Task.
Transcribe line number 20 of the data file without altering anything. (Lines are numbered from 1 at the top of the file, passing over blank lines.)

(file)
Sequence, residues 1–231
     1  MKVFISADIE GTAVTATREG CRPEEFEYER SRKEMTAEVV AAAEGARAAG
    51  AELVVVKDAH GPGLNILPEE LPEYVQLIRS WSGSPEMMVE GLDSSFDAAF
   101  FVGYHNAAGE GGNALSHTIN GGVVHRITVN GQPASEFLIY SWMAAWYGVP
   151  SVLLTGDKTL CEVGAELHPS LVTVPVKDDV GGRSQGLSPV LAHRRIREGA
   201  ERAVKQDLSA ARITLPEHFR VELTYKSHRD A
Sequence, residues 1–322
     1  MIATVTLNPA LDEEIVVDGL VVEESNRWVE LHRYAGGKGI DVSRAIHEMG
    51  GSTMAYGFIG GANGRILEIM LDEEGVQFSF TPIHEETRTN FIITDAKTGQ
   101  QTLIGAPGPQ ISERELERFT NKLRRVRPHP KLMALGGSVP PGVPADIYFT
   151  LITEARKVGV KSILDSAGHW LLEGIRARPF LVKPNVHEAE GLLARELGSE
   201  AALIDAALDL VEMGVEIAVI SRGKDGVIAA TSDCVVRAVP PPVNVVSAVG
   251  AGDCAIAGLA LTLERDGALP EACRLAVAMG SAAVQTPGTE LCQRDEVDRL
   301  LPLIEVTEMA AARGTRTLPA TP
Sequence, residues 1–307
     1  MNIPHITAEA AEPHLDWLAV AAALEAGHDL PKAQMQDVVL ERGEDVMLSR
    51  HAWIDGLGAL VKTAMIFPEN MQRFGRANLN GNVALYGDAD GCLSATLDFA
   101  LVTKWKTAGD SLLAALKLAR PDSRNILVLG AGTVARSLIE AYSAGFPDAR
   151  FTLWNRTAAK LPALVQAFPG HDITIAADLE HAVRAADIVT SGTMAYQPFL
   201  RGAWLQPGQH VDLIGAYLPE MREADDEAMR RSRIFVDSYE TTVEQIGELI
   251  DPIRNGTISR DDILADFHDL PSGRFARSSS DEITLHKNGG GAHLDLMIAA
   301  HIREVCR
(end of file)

   201  RGAWLQPGQH VDLIGAYLPE MREADDEAMR RSRIFVDSYE TTVEQIGELI